[ by Charles Cameron — board game and board-room simulation of an Israeli strike on Iran ]
We suppose we can game the world.
It may in fact be the best thing we can do, or the only thing: we guess, guesstimate, estimate the possible outcomes of an act or series of acts — and somehow in there, we hope to match the major trends in the complexity we seek to understand with selected complexities of our own that we build into our games.
And yet as Richard Danzig noted in the opening paragraph of his Driving in the Dark: Ten Propositions About Prediction and National Security which I quoted here yesterday, “whereas routine, short-term predictions are generally right, strategic judgments about future environments are often, one might say predictably, wrong.”
So we have knee-jerk responses, which can suitably be expressed in barks or sound-bites, and we have deliberative inquiry, which requires suitably nuanced exegesis. And our games and simulations are attempts at the deliberative approach.
The chess board:
So the question of an attack on Iranian nuclear facilities is once again in the air, and we would like to be able to peer as far down the chess-board as a Kasparov, computing the counter-move an adversary would make against a friend’s counter-move to the adversaries response to an initial move. Sadly, though, we all too often find ourselves in the bind that a senior US official in Iraq described to Anthony Cordesman a while back, where our best efforts at gaming the situation are “like playing three dimensional chess in the dark while someone is shooting at you.”
Except that my own version of the board may be more accurate:
it’s more like an n-dimensional spider’s web, with multiple gravities, tugs, and tensions – and some of those tensions are in the category of known unknowns that one of your predecessors talked about, some of them unknown unknowns, and some of them literally unknowable – hidden in the hearts of more devious men than you, and known only to God.
So, anyway, we game things out as best we can.
And since the idea of bombing Iran’s nuclear facilities has been in the news of late, so have two attempts to “game” that particular possibility and its sequelae.
What interests me here is not the outcomes envisioned – but the inherent differences between the two games. Let’s take a look.
Persian Incursion is basically two games in one. There is a highly detailed military game of a seven-day Israeli air offensive in which Israel plans and executes its strikes while the Iranian air defenses try to stop them. But there is also a political game that unlocks the military aspect. Persian Incursion assumes that an Israeli attack is only possible if one of Iran’s neighbors — Saudi Arabia, Turkey, or a U.S.-influenced Iraq — either publicly or tacitly allows Israeli entry into its airspace for the strike on Iran. (The rules state that though Israel could chance an initial airstrike without an agreement, it would need permission for follow-up attacks.) With that in mind, the game comes with various starting scenarios, such as a super-radical Iran that scares its neighbors into allowing Israeli access, or Turkish support for an Israeli strike (note that the game came out in 2010, before the current Israeli-Turkish spat).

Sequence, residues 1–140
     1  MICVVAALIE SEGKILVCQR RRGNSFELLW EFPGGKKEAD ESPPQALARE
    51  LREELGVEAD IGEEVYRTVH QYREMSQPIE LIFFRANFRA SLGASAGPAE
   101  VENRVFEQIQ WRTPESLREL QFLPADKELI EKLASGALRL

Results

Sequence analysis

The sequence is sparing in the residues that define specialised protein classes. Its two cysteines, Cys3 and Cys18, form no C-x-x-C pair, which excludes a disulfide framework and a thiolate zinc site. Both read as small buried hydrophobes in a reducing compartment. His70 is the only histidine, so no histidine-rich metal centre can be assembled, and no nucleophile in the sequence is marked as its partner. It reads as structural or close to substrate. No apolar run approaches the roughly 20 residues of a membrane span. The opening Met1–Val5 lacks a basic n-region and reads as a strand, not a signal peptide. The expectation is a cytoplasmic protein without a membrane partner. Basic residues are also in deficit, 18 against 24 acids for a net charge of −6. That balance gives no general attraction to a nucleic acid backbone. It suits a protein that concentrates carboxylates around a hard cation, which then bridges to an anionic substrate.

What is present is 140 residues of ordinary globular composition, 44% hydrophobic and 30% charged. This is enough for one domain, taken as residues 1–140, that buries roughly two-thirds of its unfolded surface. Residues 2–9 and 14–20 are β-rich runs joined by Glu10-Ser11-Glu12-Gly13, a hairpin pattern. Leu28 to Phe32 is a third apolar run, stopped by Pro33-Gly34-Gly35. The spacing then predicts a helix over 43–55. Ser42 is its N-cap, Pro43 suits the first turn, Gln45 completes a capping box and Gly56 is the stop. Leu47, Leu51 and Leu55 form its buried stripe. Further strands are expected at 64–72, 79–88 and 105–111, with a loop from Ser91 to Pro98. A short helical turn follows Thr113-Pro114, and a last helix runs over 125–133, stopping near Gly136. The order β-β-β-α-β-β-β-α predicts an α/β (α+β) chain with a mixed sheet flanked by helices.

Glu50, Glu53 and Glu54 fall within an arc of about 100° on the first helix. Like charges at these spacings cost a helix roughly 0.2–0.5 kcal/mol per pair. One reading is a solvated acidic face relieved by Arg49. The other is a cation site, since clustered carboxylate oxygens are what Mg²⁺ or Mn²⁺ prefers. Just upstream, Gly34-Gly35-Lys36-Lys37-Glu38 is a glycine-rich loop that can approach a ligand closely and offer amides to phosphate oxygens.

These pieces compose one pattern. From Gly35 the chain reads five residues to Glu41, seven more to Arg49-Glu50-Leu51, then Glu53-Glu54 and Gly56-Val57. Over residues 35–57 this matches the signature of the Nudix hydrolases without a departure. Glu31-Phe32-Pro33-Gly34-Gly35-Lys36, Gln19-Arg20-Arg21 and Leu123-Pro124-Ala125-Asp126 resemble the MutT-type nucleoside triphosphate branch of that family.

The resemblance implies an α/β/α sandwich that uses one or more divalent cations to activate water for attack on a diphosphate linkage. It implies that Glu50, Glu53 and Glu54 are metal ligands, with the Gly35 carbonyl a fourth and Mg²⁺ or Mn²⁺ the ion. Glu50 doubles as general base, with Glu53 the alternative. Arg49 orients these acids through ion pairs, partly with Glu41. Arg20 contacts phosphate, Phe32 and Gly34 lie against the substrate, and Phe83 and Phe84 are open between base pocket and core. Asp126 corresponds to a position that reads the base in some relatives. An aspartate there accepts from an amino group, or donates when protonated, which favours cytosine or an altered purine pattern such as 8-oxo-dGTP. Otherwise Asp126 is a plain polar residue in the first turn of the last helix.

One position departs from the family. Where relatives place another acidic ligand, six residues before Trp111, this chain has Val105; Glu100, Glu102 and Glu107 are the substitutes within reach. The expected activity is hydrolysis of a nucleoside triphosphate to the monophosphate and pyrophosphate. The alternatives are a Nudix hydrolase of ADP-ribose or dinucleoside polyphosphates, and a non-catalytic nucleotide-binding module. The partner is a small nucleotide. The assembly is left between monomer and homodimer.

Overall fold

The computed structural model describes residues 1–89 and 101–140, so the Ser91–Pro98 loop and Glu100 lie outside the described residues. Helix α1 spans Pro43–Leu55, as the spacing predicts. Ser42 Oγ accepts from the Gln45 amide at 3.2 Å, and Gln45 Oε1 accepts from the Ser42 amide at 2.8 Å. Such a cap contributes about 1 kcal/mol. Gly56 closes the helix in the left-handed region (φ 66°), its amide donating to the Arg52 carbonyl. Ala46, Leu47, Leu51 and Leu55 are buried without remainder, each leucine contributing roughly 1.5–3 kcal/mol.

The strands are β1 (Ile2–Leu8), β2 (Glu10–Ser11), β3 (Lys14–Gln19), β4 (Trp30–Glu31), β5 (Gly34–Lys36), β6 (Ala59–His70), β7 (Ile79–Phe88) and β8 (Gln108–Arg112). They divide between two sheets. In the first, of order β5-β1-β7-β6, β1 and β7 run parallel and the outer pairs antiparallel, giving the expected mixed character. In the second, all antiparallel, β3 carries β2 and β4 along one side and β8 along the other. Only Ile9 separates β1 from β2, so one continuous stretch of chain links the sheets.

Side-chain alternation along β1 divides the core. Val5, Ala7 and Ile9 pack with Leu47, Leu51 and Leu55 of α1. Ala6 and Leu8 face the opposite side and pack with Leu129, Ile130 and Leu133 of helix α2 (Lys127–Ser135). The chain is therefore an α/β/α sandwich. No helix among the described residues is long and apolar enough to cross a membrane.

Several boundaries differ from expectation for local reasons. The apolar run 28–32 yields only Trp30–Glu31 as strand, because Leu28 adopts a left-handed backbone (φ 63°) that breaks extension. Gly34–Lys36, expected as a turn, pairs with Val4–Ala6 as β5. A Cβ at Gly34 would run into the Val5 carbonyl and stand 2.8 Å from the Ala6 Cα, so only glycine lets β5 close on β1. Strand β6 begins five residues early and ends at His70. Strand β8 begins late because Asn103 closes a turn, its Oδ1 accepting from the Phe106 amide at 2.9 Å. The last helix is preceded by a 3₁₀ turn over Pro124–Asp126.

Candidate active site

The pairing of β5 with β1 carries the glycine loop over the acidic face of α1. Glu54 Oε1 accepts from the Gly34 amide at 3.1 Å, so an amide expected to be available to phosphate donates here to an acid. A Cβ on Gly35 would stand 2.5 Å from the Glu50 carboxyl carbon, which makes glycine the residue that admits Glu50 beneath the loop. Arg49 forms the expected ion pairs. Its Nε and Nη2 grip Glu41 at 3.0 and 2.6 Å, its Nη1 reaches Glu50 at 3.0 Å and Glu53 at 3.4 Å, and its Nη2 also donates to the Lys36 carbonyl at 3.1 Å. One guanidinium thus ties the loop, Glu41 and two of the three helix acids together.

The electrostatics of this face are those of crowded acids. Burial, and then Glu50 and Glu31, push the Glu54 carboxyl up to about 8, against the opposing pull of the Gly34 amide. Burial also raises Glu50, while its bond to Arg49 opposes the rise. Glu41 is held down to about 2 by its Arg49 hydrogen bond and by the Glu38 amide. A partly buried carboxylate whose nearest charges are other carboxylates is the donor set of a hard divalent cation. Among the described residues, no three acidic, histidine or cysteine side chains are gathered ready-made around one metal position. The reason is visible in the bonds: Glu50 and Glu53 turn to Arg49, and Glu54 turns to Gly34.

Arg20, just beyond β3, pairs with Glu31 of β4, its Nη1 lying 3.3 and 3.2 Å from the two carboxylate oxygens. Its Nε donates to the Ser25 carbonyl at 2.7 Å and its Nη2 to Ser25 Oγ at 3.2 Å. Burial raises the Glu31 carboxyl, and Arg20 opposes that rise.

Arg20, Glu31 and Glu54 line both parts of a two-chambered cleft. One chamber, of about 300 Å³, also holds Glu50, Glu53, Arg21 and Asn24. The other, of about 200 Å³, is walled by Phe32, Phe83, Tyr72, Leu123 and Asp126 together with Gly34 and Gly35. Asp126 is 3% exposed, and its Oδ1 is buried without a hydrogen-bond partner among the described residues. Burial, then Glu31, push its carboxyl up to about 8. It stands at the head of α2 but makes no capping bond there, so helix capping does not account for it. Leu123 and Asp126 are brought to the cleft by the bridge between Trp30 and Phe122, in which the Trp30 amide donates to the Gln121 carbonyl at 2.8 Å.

Here’s how Clash of Arms, the publisher, describes the game packet:
Persian Incursion provides comprehensive and detailed information on:
• Orders of battle for the Israeli and Iranian Air Forces and the Iranian Air Defense Force
• Analysis of the Iranian nuclear and oil infrastructure
• Iranian ballistic missiles and Israeli ballistic missile defenses
• Target folders for Iranian nuclear facilities, oil terminals and refineries, and airfields
• Variable starting conditions
• Rulebook; Briefing Package and Target folders;
• 17 x 22″ Full color map;
• Short Deck of “Super Cards” (4.25 x 6″);
• 2 Full decks of playing cards (110 cards);
• Cardboard counters;
• Box and dice.
Now I am absolutely not the guy you want to ask about the game-play, or about the game’s possible implications for policy analysis. Michael Peck may well be that guy, but even he doesn’t leave the game with a clear sense of how things might play out in real time:
The real question of this exercise, however, is whether an Israeli strike on Iran is a good or bad idea. Persian Incursion’s answer is an unqualified “maybe.” Israel can’t stop Iran from retaliating with missile attacks and terrorism. But it also can’t guarantee complete destruction of Iran’s nuclear program. Perhaps most importantly, the key to victory is winning the public-opinion, political war.
And when you get granular, “public opinion” turns out to mean the interwoven opinions of many, many and diverse people — some influential, some easily influenced, some whose world-view features a rigorous scientism, some a potentially wrathful deity – all of whom are themselves beset by a myriad of doubts, certainties, hopes, fears, bouts of toothache and who knows what else…
Modeling even one of those minds (and associated hearts) would be quite a trick…
So. That’s the “reference library” approach, to use Peck’s term:
Persian Incursion isn’t a novel — it’s a reference library inside a game. The background information included is staggering. Besides the rules book, there is a target folder and a briefing booklet listing the precise dimensions of Iranian nuclear facilities down to the meter…
The gamer has what we’ll assume is a highly accurate representation of the materiel side of things. Morale, at the granular level of a Netanyahu or a Khamenei?
Who can game the workings of a single human mind (and heart)?
[continued in Pt 2]